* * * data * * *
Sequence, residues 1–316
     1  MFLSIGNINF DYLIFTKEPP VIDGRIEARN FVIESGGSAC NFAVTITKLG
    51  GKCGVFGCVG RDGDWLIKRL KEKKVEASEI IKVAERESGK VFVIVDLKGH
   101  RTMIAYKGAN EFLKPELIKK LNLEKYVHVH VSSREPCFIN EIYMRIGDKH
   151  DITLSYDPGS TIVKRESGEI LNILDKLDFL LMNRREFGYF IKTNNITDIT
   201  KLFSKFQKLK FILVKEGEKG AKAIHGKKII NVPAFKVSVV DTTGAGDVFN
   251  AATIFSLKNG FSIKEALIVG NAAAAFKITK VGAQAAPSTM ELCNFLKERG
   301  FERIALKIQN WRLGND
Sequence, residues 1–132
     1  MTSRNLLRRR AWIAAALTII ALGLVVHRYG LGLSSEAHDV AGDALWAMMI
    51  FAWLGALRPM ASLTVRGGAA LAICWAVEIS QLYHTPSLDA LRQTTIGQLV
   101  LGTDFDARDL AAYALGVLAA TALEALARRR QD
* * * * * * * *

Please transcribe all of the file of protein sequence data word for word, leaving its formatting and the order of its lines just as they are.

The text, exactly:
Sequence, residues 1–316
     1  MFLSIGNINF DYLIFTKEPP VIDGRIEARN FVIESGGSAC NFAVTITKLG
    51  GKCGVFGCVG RDGDWLIKRL KEKKVEASEI IKVAERESGK VFVIVDLKGH
   101  RTMIAYKGAN EFLKPELIKK LNLEKYVHVH VSSREPCFIN EIYMRIGDKH
   151  DITLSYDPGS TIVKRESGEI LNILDKLDFL LMNRREFGYF IKTNNITDIT
   201  KLFSKFQKLK FILVKEGEKG AKAIHGKKII NVPAFKVSVV DTTGAGDVFN
   251  AATIFSLKNG FSIKEALIVG NAAAAFKITK VGAQAAPSTM ELCNFLKERG
   301  FERIALKIQN WRLGND
Sequence, residues 1–132
     1  MTSRNLLRRR AWIAAALTII ALGLVVHRYG LGLSSEAHDV AGDALWAMMI
    51  FAWLGALRPM ASLTVRGGAA LAICWAVEIS QLYHTPSLDA LRQTTIGQLV
   101  LGTDFDARDL AAYALGVLAA TALEALARRR QD